8 Ways I've Learned to Cope with the Trauma of a Late-Stage Cancer Diagnosis
Being a cancer patient is difficult, and I would argue that being a young adult cancer patient is infinitely more difficult. I went from being a normal, totally healthy 29-year old to being diagnosed with metastatic melanoma in a matter of weeks. The scans that I joked about being a very expensive inconvenience soon told me the truth I was very unprepared to hear.
My metastatic melanoma diagnosis
Typically a cancer diagnosis comes with some sort of immediate treatment plan. For me, I had already scheduled the stereotactic radio-surgery procedure of my brain before I even had a tissue biopsy to verify metastatic melanoma. The PET scan that lit up in several places, a brain MRI with a solid mass, and a history of melanoma was enough to convince my medical team we were dealing with something very serious.
My doctors and medical team spent a great deal of time explaining the potential side effects of my treatment. They tried so hard to prepare me for the storm I was being forcefully thrown into. While it was immensely helpful to know what to expect, we neglected to discuss the mental side effects of a late-stage cancer diagnosis. I think this is often (unfortunately) an afterthought when it comes to cancer treatment. It wasn’t until I was nearly a year into treatment when my mind sort of caught up with everything that was happening.
The physical and emotion struggle
Once a very passionate, energetic person, I now found myself searching for things to care about and fighting the urge to take a nap (always). Fatigue was a side effect of my treatment, but I’m fairly certain going through day-to-day like a zombie, was not. There was a solid 6 weeks or so where I felt like I could burst into tears at any given moment. Sort of like my emotional capacity was completely spent. I was physically exhausted, emotionally exhausted, and sick and tired of being tired!
8 ways to deal with a metastatic melanoma diagnosis
Let me tell you, it’s been one heck of a process to figure out and work through the mental trauma of a late-stage melanoma diagnosis. I wanted to share some of the ways I’ve learned to process being a metastatic melanoma survivor.
1. Feel your emotions
Some days you might be having a not-so-great day, and that's 100% OKAY! I’ve learned that suppressing my emotions only causes them to be 10 times worse when they finally surface. If you let yourself feel through your emotions, they tend to pass a little quicker. Don’t dwell by any means, but recognize how you’re feeling and why you’re feeling that way and let yourself move through those feelings.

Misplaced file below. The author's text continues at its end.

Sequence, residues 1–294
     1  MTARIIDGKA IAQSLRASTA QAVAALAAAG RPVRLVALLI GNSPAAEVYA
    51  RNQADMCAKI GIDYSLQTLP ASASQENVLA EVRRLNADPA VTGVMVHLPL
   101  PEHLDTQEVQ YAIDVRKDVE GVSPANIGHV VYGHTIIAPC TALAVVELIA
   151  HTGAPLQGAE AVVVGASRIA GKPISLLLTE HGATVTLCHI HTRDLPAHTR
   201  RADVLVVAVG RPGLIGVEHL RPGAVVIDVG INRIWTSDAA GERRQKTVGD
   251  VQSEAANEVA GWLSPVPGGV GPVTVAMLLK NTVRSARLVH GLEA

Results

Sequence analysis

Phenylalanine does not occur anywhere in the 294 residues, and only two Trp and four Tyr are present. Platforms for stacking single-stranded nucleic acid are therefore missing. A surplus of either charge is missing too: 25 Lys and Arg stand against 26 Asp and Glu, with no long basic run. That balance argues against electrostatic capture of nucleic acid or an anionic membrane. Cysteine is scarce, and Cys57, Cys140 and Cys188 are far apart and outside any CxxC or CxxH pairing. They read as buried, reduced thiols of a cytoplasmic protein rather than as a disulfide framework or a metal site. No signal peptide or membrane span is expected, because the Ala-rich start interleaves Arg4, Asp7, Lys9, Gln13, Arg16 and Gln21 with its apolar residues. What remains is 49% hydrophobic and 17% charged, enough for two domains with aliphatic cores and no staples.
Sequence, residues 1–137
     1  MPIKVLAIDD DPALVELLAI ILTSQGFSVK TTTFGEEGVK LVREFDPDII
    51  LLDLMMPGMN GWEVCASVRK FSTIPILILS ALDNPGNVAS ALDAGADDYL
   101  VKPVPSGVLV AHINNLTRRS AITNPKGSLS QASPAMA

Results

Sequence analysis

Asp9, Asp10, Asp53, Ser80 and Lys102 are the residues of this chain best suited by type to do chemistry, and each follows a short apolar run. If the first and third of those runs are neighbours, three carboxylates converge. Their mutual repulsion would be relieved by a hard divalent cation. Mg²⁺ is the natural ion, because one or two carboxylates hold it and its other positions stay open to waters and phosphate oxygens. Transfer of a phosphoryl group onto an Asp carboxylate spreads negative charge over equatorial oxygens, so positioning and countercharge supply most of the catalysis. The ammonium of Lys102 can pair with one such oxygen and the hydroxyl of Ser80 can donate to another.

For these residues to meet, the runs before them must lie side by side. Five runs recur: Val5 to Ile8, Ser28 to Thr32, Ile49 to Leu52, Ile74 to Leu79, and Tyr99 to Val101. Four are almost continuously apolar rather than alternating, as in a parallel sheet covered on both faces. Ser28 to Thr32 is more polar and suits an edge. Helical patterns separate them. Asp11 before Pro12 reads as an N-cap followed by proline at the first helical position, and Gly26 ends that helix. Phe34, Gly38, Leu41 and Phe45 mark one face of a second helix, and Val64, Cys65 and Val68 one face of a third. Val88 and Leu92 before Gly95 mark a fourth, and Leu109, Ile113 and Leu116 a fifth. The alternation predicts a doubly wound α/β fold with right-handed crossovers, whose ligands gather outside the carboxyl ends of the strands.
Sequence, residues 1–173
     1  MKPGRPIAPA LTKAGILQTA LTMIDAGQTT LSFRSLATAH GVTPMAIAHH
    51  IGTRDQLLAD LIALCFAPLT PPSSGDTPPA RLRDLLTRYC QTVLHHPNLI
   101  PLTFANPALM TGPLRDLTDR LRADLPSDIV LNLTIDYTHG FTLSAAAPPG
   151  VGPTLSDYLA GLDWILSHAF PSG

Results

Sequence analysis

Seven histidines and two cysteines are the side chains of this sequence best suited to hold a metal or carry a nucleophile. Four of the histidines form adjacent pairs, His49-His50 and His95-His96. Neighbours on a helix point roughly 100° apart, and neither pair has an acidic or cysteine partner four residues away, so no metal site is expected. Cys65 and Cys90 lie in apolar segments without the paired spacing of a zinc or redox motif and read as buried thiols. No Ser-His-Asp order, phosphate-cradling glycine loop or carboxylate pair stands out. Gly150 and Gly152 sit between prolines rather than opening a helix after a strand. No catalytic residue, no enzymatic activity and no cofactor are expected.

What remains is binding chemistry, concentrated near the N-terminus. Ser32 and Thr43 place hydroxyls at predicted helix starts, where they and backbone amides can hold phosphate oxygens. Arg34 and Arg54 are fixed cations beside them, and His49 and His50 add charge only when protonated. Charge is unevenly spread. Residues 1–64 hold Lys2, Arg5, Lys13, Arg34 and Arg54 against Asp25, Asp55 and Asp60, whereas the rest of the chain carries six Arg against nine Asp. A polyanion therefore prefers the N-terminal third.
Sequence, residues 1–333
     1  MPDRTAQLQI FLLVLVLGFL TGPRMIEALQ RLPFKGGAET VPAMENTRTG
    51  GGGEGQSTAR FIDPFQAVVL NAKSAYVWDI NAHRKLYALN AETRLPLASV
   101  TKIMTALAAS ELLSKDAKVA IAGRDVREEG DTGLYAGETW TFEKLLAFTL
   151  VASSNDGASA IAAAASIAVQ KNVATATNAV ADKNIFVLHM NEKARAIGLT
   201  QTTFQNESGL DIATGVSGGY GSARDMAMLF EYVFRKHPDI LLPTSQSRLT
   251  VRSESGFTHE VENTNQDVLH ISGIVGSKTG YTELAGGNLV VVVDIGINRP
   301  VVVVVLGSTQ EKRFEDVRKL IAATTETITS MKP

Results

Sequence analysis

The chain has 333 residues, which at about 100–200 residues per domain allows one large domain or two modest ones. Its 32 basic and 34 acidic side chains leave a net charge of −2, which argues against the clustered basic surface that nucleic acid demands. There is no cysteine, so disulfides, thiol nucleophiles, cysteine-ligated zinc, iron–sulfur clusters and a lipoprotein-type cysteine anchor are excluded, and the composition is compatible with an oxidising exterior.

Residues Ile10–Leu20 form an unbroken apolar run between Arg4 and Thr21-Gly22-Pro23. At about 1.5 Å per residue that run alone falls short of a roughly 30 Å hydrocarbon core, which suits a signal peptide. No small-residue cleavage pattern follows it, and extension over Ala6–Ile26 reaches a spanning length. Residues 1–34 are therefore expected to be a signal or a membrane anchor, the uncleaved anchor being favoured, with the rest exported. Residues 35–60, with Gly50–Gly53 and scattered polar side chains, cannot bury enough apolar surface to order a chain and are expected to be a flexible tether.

2. Don’t be afraid to let your mind wander
You’ll likely run into a “what if” type of thoughts. Let yourself travel down that thought path. Assess the threat, determine the likelihood of it actually happening, and let your mind develop a plan. Don’t spend unlimited time in “what if” world, but I’ve learned that it helps to eliminate the fear of the unknown if you make it known.
3. Find a support system
You can’t do it alone, no matter how independent you think you are. I’ve always considered myself a very independent person and I hated relying on other people. I found myself physically and emotionally incapable of doing certain things while going through active treatment. Find yourself a support system and let them help you.
4. Develop a toolbox
This was something that became very important to me. There isn’t one single thing to help you cope with a cancer diagnosis. For me, it was a combination of therapy, a low-dose antidepressant, an activity log, and journaling. I started three different types of gratitude journals before I found a method that worked for me. Each person’s tool kit is different, so find what works for you.
5. Have patience for yourself
Physically and mentally, you’re going through a lot. Have some patience and compassion for yourself and recognize that. Give yourself some overdue credit for all the things you’re doing and going through. This continues to be the biggest obstacle for me. I have a very high standard for myself, and I’ve had to reset my expectations and improve my self-love. I started an activity log to document all the things I was doing and to help me visualize it.
6. Don’t compare yourself to other cancer patients
Every. Single. Person. Is. Different. Every diagnosis is different and every response to treatment is different. Finding people going through similar things might help you not feel so alone, but don’t compare your diagnosis or prognosis.
7. Set your boundaries
This is oh, so important. Your cancer story is as public or private as you want it to be. You get to determine what pieces of information you share and who you share it with. Be mindful that the more you put information out there, you’re giving others permission to probe you for progress updates.
8. Try new things to find gratitude
It doesn’t really matter what it is, but trying new things allows you to be present in the moment. It forces you to be hyper-aware and appreciate the things around you. I found this technique especially helpful leading up to scan days.
So, tell me! How have you learned to cope with a cancer diagnosis? What information do you wish your medical team would have shared with you during your diagnosis? How do you process and cope with all your emotions?
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